Over the last decade, scientists at Oxitec, a spinout from Oxford, have been designing transgenic mosquitoes, or rather, genetically modified mosquitoes, that can essentially kill its wild brethren.
The idea is to arm these farm-bred mosquitoes with a self-exterminating gene that can be passed off to other disease-carrying mosquitoes in the wild when they mate and breed.
“So we just release the males, the males go out, they mate with females and those females—their offspring die,” said Parry. “It’s the same sort of science that you would use for producing a genetically modified crop.”
Except in this instance, mosquitoes are getting a gene that gives them a survival disadvantage, not advantage. The idea is if enough of these mosquitoes are released at the right place and time, and on a continual basis, they can help to wipe out the threat of disease-carrying mosquitoes in those targeted areas.
Several small-scale trials of Oxitec’s transgenic mosquitoes have taken place around the world since 2007, marking the first such trials of GM mosquitos in the suppression of mosquitoes, according to Parry. The company is in the final approval stages of commercializing the product in Brazil.
Picture “a normal transit truck” releasing these male mosquitoes through a small shoot out of a window every hundred yards or so.
“You’ll see a puff, and that’s the male mosquitoes being released at certain GPS points,” described Parry. “And then the truck just drives on.”
But much like GMOs in the food supply, the concept has faced some pushback on U.S. soil, where it still needs FDA approval. Last year, a proposal to use Oxitec’s mosquitoes was rejected in an area of Florida that had experienced several cases of dengue fever. People worried about unintended consequences of messing with nature.
Parry likes to think of it as a safer alternative to insecticides, especially on a type of mosquito that likes to hang out near people, in their yards and in their homes. But even he acknowledges, the approach is no magic bullet.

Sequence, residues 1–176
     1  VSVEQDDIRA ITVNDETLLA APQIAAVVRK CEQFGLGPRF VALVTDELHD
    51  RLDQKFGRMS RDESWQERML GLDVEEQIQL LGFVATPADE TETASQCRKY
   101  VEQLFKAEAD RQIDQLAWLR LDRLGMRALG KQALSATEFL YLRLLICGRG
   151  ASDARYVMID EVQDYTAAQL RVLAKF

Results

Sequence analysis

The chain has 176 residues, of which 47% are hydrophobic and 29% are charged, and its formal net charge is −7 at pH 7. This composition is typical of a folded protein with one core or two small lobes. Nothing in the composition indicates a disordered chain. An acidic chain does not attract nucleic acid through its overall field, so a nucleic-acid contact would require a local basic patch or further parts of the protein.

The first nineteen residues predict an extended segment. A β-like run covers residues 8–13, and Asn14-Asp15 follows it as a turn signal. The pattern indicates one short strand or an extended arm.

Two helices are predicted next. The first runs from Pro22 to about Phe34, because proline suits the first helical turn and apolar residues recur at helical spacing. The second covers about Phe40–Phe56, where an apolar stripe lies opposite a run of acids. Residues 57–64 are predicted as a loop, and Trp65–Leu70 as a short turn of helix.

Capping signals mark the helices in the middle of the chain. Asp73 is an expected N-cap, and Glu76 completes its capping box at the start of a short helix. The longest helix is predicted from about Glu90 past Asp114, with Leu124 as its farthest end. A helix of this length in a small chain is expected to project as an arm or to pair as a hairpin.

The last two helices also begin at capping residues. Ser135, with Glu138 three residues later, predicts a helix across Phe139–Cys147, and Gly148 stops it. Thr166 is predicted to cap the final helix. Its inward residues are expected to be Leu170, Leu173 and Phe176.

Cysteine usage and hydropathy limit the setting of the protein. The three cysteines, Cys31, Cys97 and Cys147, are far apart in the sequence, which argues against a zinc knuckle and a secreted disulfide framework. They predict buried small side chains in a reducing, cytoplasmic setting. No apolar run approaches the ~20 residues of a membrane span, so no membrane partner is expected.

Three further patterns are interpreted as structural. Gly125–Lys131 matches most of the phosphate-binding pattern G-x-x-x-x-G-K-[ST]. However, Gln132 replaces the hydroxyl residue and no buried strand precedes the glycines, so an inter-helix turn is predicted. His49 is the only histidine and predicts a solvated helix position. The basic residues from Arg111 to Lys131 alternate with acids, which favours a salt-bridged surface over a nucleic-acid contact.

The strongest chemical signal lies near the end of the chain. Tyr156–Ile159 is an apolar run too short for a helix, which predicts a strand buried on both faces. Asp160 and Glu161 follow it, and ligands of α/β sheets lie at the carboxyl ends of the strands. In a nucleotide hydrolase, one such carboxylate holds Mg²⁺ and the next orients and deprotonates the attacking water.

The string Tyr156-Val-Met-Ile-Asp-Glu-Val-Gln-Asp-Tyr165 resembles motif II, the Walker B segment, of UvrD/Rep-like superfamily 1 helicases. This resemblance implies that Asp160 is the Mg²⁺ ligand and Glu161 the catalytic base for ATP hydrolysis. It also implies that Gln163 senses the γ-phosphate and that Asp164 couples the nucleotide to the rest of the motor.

“The battle against mosquitoes is a very continual one,” he said. “We’re not changing that. What we’re just doing is saying, ‘Look. Actually, if you add our tool to the tools that are already there, then actually we’ve got a chance of winning.”
Other scientists are in the early stages of developing transgenic mosquitoes that are unable to carry diseases like malaria, and can then spread that gene into the wild population. Another approach against dengue has involved releasing mosquitoes infected with a bacteria that prevents them from carrying the disease.
Turning to traditional prevention
Back in Salvador, Brazil, Sarah Mota is familiar with Oxitec’s trial, which she estimates is about five hours from her home, and it gives her hope. But she knows such help won’t come soon enough for her; she’s due in early August.
So for now, she clutches one of her biggest weapons—a black bottle with the word ‘Exposis’ printed in bright red on it. It’s the name of an insect repellent so popular, Mota says, that the pharmacies have sold out of it.
“I put [it on] every two hours,” she says. “I put it on again and again. It’s so strong. So strong.”
So strong, she hopes, that it can stave off mosquitoes until her baby is in the clear.